Electrical safety Dr. S. Parthasarathy MD., DA., DNB, MD (Acu), Dip. Diab. DCA, Dip. Software statistics PhD (physiology) Mahatma Gandhi medical college and research institute, puducherry, India
Problems ?? Why we should know?? • Anaesthesiologist is the team leader He/She only can handle suction, OT lights, leads ECG monitor and cautery
Theatre contains equipments The operating theatre is unusual as there are numerous examples of the deliberate application of electrical equipment to the human body.
Electrical Hazards • Fires • Burns • Electrical shock • Explosions • Power failure
The basics • understand and apply electrical engineering • analyze and avoid equipment hazards, • and to apply equipment safety standards, • Clinical engineering – new field
Ohm’ s law • Voltage /Current = Resistance • Voltage / Resistance = Current • Units • Volts , ohms , amperes
Electrocution • The effects produced are dependent upon 4 factors: • (i) the amount of electricity that flows (current); • ii) where the current flows (current pathway) • (iii) the type of current (direct or alternating); • (iv) current duration.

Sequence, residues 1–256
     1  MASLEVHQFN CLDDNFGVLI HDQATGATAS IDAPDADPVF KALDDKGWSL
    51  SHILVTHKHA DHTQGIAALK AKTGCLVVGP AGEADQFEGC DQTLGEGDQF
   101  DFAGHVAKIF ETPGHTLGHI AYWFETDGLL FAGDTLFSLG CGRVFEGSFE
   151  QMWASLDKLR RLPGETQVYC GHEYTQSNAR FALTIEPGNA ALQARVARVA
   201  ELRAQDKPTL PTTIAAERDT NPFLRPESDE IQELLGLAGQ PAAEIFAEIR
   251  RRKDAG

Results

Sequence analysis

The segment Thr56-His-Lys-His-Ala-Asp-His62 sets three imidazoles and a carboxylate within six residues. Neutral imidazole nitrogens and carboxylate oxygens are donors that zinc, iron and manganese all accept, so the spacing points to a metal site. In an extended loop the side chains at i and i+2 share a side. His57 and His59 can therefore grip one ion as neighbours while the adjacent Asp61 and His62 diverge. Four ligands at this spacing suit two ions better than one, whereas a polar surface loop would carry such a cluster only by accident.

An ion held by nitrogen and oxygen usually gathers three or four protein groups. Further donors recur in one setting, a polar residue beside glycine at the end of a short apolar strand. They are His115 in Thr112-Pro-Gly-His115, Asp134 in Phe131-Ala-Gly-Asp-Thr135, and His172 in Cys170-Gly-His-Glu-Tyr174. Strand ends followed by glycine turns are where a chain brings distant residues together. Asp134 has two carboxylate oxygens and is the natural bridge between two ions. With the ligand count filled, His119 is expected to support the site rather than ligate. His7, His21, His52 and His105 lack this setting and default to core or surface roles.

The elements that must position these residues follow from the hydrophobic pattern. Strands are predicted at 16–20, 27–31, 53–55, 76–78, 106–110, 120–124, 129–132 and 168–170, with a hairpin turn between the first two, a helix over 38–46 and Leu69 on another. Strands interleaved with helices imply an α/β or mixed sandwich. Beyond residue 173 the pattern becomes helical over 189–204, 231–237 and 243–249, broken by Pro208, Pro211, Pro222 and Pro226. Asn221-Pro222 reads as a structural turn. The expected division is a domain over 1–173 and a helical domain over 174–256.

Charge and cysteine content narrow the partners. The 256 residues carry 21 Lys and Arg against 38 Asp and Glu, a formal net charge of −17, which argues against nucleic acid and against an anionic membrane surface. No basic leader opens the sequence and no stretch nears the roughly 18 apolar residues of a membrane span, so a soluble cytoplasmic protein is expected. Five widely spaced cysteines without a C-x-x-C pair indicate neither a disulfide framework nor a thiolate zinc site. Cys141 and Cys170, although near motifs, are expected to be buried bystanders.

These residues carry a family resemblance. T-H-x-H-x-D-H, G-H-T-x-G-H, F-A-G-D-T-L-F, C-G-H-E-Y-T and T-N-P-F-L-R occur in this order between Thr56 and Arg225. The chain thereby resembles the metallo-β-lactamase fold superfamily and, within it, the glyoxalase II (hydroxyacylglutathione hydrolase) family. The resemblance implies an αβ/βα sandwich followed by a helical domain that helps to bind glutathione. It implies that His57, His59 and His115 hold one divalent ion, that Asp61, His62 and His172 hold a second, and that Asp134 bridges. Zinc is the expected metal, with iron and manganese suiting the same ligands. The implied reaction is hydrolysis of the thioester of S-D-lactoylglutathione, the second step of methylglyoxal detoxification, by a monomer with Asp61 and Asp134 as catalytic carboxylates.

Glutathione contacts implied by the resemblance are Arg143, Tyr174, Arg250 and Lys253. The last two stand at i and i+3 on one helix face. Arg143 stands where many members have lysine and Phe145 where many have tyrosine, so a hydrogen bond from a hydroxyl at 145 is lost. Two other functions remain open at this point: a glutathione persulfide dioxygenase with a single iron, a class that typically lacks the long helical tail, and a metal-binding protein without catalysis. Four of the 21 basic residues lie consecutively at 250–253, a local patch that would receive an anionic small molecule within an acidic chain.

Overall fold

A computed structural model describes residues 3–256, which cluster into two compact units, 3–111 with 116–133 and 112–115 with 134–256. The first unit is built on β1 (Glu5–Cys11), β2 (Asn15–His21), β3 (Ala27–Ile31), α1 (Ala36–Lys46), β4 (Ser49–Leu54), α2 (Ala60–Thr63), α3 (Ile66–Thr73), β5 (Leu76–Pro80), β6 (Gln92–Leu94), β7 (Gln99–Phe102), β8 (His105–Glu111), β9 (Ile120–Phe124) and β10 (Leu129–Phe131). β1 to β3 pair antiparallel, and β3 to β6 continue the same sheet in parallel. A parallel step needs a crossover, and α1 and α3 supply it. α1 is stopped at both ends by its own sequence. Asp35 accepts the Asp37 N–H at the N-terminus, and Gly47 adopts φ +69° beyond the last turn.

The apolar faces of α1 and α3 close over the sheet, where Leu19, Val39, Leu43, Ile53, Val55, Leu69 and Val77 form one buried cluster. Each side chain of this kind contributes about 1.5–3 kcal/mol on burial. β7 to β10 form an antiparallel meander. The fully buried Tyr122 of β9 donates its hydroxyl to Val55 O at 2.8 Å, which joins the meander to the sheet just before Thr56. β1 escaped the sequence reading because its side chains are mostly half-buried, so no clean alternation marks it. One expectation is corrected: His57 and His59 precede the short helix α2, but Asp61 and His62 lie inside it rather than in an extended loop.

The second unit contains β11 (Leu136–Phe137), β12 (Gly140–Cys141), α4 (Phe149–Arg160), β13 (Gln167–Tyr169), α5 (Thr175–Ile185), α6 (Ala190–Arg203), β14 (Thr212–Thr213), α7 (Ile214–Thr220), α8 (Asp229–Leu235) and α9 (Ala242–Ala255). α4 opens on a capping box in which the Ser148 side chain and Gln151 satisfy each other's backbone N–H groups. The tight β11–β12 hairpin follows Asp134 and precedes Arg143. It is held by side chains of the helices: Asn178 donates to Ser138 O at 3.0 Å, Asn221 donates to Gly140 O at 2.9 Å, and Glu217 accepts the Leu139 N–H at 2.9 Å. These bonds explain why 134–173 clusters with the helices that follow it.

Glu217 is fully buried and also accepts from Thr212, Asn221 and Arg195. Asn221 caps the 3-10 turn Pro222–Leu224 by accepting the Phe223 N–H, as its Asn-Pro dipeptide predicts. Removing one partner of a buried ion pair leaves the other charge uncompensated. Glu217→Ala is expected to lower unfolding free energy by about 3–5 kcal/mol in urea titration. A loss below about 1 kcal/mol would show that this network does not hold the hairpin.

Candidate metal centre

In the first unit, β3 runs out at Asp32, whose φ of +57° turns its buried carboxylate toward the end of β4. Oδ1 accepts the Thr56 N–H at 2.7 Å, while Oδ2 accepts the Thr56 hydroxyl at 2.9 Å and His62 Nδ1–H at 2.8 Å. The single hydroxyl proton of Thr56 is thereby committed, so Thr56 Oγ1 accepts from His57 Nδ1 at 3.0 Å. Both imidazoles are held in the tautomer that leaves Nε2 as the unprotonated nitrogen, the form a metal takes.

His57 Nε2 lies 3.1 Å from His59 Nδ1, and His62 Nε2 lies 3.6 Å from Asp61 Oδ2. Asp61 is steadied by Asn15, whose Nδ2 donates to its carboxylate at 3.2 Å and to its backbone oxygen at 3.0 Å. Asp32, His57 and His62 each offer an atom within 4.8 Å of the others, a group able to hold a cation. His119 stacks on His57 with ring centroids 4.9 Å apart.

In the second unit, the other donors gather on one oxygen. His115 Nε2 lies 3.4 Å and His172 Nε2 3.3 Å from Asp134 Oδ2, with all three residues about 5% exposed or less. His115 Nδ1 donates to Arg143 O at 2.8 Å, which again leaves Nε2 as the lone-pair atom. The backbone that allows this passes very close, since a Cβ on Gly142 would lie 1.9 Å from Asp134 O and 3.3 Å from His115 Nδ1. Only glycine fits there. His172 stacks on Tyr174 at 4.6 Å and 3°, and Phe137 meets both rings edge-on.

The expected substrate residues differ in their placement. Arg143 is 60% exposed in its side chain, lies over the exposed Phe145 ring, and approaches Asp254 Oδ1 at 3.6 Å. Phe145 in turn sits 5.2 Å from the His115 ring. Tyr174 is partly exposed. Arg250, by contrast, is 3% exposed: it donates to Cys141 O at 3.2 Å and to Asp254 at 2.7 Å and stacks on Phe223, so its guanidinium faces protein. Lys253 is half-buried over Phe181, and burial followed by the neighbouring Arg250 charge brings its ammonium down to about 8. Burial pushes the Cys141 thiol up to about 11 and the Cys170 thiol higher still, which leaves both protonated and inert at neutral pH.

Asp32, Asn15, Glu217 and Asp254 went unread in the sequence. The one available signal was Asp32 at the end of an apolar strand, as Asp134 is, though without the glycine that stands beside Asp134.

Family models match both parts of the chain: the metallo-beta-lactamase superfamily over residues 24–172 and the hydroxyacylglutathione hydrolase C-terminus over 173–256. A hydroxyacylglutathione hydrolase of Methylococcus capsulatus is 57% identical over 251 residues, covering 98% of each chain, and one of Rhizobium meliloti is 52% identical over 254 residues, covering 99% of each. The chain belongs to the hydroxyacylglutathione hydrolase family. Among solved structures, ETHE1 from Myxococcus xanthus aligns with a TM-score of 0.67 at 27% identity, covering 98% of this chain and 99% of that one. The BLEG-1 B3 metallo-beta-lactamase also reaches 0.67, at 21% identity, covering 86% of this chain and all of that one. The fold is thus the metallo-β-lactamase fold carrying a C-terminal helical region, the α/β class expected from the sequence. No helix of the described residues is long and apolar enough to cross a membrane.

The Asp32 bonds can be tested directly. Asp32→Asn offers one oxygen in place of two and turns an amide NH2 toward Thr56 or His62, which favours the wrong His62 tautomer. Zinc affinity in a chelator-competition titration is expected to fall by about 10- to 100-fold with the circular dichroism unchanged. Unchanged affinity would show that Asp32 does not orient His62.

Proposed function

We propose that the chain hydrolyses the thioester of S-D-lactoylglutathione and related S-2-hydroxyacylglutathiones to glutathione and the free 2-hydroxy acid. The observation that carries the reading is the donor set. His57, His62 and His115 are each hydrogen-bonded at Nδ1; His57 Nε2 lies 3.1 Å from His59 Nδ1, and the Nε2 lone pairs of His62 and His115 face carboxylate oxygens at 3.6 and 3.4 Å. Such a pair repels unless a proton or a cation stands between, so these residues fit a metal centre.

Resistance • Dry skin = 1 mega ohm • Moist skin = 15 kiloohms • Electrode paste = 1,000 ohms • Needles and catheters = few hundred ohms
Current and effects • 1 mA --- Tingling sensation • 15 mA---- Muscle tetany, pain and asphyxia • 75 mA ----- Ventricular fibrillation • : Let go current: less than 10 mA !! • Macro shock !! – what is that ??
Macroshock and micro shock • Macroshock is the type of electrocution where electricity enters through the skin and flows through a substantial portion of the body, only a fraction actually going through the heart
Scenario is different • when monitoring catheters, pacing wires, and dye injection catheters first began to be utilized inside the heart or the coronary arteries.– two differences • Rare scenario • Micro amperes are enough • Microshock
Just that’s enough !! • 10 µA as the maximum leakage of current allowable through electrodes or catheters contacting the heart. • Micro shock !!
Grounding and un grounding • In electrical terminology, grounding is applied to two separate concepts. • The first is the grounding of electrical power, and the second is the grounding of electrical equipment. • (1) power can be grounded or ungrounded (2) power can supply electrical devices that are themselves grounded or ungrounded